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Rebound students score at graduation

By Ben Lumpkin Daily Planet staff
Saturday August 04, 2001

Eight months ago, a group of Berkeley High parents, appalled to find 180 freshmen failing two or more classes at Berkeley High, decided to take matters into their own hands. 

They demanded, and got, money from the school district and the city to start the Rebound program for 54 failing students.  

On Friday morning, parents, teachers and school administrators packed the Berkeley High Parent Resource Center to watch 41 of the original 54 students graduate from the program. 

“At your (high school) graduation, I’m going to be looking for you,” said an emotional Katrina Scott-George, a favorite math teacher for the Rebound students over the last eight months. 

“Katrina, she never let me give up,” said Cofi Barrow, a Berkeley High freshman who went from getting almost all F’s on her report card last fall to all A’s and B’s this summer. 

From January until last week, the students, almost all of them of African American or Latino heritage, became part of a separate community at Berkeley High. They attended English and math classes that were twice as long and half the size of regular freshman English and math classes. They worked one-on-one with Rebound’s five teachers, who were dedicated to helping them not just survive Berkeley High, but graduate with enough credits to be eligible for college.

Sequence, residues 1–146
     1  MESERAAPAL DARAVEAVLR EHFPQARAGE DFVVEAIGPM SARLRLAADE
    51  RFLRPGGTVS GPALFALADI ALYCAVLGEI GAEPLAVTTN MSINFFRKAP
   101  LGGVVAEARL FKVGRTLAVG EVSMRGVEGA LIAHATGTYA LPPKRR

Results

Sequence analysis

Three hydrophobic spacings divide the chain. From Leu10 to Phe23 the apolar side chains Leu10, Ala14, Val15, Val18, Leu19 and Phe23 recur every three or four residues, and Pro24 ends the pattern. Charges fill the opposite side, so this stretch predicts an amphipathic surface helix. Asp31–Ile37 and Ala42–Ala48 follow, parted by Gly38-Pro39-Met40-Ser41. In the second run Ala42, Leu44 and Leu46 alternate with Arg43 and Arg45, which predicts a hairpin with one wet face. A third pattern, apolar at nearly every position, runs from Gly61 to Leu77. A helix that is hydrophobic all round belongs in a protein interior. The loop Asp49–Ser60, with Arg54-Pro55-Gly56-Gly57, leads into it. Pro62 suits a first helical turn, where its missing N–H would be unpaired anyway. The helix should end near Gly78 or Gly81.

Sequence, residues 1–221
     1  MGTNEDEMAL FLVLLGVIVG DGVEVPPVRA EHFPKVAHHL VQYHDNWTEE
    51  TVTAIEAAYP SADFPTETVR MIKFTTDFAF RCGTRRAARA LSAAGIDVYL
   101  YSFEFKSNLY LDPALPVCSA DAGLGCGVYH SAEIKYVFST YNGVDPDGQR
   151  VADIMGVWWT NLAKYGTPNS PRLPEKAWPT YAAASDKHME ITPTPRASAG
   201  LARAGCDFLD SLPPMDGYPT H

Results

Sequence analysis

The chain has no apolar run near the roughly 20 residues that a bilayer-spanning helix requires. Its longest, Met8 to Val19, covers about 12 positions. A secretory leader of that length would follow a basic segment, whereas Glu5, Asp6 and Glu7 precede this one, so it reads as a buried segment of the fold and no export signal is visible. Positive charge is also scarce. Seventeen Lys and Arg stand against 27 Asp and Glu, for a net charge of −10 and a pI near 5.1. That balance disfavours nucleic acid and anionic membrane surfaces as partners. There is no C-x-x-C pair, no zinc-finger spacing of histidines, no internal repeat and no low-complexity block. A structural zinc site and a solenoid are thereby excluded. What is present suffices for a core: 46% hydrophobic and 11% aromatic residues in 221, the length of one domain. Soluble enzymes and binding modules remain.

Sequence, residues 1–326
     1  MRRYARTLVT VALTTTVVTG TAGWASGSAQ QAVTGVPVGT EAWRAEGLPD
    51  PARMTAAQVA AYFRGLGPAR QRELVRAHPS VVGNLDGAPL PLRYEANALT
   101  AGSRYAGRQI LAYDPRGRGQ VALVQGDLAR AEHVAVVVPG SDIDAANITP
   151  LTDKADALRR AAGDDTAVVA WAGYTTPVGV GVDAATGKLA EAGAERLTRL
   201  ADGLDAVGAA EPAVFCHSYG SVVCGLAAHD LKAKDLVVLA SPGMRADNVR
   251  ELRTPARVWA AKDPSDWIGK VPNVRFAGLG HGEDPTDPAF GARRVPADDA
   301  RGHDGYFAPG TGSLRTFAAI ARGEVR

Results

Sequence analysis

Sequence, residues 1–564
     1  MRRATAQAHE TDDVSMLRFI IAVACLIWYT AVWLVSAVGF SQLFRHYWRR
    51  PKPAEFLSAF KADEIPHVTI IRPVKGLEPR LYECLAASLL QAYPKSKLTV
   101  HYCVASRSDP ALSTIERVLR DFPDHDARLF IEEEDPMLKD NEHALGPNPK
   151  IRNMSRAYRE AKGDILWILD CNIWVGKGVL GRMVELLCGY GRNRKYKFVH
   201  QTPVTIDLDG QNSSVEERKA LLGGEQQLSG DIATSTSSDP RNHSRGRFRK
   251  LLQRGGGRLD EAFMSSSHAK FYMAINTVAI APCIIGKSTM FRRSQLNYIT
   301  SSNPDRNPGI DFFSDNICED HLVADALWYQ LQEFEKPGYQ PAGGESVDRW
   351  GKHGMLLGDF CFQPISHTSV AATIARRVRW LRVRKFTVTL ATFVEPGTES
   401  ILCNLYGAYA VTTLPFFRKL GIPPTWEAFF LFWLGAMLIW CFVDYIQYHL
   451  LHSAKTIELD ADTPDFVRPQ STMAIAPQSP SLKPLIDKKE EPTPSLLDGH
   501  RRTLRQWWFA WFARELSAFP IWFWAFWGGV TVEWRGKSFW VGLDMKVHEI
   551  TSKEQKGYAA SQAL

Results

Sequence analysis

(In keeping with national trends, most of these minority students had arrived at Berkeley High with reading and math skills well below grade level. In some cases, the students’ academic deficiencies were so pronounced that meaningful participation in the school’s regular freshman curriculum seemed impossible.) 

Not all Rebound students improved their grades as dramatically as Barrow. But most improved at least from failing grades to passing grades during the second semester, and then, over the summer, made up the credits they were missing from the fall semester.  

“If it weren’t for y’all, I wouldn’t be going to the 10th grade to tell you the truth,” said one Rebound student Friday, thanking the Parents of Children of African Descent and others who supported the Rebound program. 

Nearly all the students were more engaged in the Rebound classes than regular classes, Rebound staff said. They attended class more regularly and made more use of tutoring and counseling services available at the school. 

As Scott-George put it, “Learning is a very internal process. We learn because we want to learn; because we have some motivation to learn. I think Rebound was a success in providing these kids a place where they wanted to learn.” 

A key element in the success of the program, PCAD members said Friday, was the incredible efforts Rebound teachers and program coordinator Leslie Plettner, a Berkeley High teacher who stepped in to help guide the program last winter, made to involve the parents of Rebound students in the program.  

More than 30 Rebound parents paid a visit to their children’s classrooms at least once during the program, Plettner said. After teachers met with students each Friday to go over their progress (a fairly radical innovation in itself, at a school where large class sizes make such student-teacher relationships difficult to maintain), they called parents to give them an update as well.